Democrats Take Control of Congress

The Associated Press
Thursday, January 4, 2007; 9:49 PM

WASHINGTON -- In a day of ceremony and historic change, Rep. Nancy Pelosi became the nation's first female House speaker on Thursday as Democrats eagerly took control of Congress for the final two years of President Bush's term.

"The Democrats are back," rejoiced Pelosi, and she immediately set the rank-and-file to work passing tougher ethics rules.

As is customary, the opening moments of the 110th Congress produced pledges of bipartisanship at both ends of the Capitol. Yet Pelosi and Senate Majority Leader Harry Reid signaled a new political order when they swiftly challenged Bush over the war in Iraq.

"No issue in our country is more important than finding an end to this intractable war," said Reid, D-Nev. "Completing the mission in Iraq is the president's job, and we will do everything in our power to ensure he fulfills it." Bush is expected to announce a revised strategy next week for the war, which has claimed the lives of more than 3,000 members of the U.S. armed forces.

The two houses convened at the stroke of noon, under Democratic control together for the first time since 1994.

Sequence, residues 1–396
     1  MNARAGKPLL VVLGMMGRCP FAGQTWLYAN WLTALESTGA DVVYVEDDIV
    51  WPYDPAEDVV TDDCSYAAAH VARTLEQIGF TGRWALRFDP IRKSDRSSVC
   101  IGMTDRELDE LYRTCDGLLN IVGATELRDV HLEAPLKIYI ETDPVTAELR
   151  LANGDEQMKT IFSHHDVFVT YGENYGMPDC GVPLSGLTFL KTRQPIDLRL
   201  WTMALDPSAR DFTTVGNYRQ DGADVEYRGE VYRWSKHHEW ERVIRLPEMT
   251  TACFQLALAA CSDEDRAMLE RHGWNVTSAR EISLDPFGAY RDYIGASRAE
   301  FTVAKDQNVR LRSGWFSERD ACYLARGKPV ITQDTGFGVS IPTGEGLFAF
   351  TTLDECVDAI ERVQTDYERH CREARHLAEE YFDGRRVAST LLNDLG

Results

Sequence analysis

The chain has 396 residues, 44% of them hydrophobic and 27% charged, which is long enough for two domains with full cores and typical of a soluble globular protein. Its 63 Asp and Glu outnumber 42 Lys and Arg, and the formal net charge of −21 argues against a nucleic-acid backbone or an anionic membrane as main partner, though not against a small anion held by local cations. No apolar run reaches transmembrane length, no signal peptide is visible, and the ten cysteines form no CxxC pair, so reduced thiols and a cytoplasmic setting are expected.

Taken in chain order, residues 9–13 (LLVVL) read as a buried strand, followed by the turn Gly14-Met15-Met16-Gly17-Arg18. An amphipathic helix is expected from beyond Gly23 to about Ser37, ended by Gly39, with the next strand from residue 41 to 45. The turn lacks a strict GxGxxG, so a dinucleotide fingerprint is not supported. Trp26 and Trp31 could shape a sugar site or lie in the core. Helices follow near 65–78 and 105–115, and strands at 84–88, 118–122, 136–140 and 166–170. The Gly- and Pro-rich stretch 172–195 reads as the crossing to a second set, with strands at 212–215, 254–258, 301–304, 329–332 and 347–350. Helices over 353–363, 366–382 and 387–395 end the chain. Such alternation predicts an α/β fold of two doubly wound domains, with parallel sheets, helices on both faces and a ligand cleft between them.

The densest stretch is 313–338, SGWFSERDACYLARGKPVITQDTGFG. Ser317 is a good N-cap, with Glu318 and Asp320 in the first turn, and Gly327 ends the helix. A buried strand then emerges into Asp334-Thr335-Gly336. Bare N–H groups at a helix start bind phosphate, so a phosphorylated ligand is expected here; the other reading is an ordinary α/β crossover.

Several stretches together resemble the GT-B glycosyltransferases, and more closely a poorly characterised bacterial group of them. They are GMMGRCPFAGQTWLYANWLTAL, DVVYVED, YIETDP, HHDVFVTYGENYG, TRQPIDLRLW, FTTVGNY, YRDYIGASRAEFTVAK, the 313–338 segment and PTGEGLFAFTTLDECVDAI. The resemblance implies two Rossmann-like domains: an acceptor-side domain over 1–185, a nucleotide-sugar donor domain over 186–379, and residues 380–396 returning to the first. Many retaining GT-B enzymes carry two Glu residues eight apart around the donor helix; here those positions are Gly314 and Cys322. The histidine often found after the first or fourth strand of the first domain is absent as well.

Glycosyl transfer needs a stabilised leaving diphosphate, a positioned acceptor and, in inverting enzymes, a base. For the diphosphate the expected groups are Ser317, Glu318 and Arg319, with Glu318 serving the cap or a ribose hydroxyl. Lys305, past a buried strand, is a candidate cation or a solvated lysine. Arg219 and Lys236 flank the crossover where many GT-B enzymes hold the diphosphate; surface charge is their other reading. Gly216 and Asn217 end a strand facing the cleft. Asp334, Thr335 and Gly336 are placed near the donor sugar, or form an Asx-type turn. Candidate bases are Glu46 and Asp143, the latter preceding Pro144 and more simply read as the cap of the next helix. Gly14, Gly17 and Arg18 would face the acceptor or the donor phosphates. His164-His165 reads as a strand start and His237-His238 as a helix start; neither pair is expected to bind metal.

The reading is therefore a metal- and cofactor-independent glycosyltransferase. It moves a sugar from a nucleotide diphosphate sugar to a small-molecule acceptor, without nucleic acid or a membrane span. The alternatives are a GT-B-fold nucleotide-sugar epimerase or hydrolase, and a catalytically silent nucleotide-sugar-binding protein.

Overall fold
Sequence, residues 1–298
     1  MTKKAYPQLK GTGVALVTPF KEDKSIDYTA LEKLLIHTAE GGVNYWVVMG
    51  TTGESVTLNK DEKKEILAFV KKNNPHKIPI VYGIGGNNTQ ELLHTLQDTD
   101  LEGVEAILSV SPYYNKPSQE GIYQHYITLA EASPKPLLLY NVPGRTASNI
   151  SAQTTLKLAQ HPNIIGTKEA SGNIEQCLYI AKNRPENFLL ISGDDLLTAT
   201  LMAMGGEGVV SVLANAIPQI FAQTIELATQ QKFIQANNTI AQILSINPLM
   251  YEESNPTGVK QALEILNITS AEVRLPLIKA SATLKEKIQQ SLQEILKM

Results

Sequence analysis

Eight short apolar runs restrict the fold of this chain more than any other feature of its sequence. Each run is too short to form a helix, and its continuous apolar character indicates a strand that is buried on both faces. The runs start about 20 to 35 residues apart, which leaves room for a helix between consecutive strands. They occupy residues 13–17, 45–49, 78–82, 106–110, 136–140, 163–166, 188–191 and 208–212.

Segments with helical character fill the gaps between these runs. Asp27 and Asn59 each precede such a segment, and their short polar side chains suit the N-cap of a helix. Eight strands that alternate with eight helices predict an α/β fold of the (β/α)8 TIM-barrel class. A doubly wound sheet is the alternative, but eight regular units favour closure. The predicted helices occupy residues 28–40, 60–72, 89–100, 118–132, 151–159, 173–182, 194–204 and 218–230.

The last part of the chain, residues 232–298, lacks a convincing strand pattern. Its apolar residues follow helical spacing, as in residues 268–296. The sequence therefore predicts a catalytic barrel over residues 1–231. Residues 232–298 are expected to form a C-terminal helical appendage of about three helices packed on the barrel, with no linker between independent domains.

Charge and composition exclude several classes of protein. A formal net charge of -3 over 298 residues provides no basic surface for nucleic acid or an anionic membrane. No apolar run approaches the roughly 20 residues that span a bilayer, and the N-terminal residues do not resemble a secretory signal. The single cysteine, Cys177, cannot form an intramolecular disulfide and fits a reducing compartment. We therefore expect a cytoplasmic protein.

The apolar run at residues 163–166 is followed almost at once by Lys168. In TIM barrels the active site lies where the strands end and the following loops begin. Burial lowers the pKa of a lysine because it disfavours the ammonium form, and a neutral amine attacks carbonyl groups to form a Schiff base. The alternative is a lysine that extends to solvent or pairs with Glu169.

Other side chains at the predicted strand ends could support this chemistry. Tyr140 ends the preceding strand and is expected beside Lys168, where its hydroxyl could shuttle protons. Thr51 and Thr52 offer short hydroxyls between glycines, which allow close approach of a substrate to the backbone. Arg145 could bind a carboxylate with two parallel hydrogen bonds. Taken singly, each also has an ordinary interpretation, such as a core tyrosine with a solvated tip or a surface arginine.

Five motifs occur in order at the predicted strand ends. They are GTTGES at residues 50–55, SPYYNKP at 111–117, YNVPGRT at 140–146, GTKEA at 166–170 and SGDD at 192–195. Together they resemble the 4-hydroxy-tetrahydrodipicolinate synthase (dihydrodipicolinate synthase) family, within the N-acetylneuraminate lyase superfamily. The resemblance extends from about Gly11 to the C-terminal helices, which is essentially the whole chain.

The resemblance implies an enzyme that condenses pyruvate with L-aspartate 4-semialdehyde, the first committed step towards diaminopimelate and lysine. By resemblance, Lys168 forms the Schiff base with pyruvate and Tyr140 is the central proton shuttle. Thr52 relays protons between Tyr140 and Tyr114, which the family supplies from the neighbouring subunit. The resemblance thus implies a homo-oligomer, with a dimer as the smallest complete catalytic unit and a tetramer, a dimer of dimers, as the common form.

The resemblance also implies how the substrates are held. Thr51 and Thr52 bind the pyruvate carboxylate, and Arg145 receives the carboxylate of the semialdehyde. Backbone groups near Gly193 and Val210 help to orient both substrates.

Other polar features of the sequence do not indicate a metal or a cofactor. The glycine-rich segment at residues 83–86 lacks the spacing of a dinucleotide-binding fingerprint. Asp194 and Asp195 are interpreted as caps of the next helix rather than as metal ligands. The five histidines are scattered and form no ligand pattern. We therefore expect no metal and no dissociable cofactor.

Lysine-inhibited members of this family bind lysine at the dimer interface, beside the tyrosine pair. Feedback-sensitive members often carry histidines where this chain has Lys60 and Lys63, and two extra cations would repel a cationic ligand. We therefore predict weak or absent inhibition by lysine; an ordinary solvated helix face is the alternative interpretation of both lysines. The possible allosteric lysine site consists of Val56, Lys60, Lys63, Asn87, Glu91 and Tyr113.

That meant a return to power for men long used to wielding it. Liberals such as Sen. Edward M. Kennedy of Massachusetts and Rep. John Dingell of Michigan are committee chairmen again, for example.

And it brought reduced circumstances to others _ no one more so than Rep. Dennis Hastert, R-Ill., just a member of the ranks after eight tumultuous years as speaker.

By custom, lawmakers brought their children to opening ceremonies in the House, and Pelosi swept into the chamber accompanied by her grandchildren.

Formality reigned, as always, in the Senate, where Vice President Dick Cheney administered the oath of office to 33 new and newly re-elected senators.

Former President Clinton watched from the gallery as his wife, Sen. Hillary Rodham Clinton, was sworn in for a second term from New York.

In a chance encounter, he dodged questions about her presidential ambitions. "I would like not to talk about it today," he said.

It fell to Rep. John Boehner of Ohio, the new House Republican leader, to hand the gavel _ symbol of the speaker's authority _ to Pelosi. "Whether you're a Republican, Democrat or an independent, this is a cause for celebration," he said, noting her place in history.

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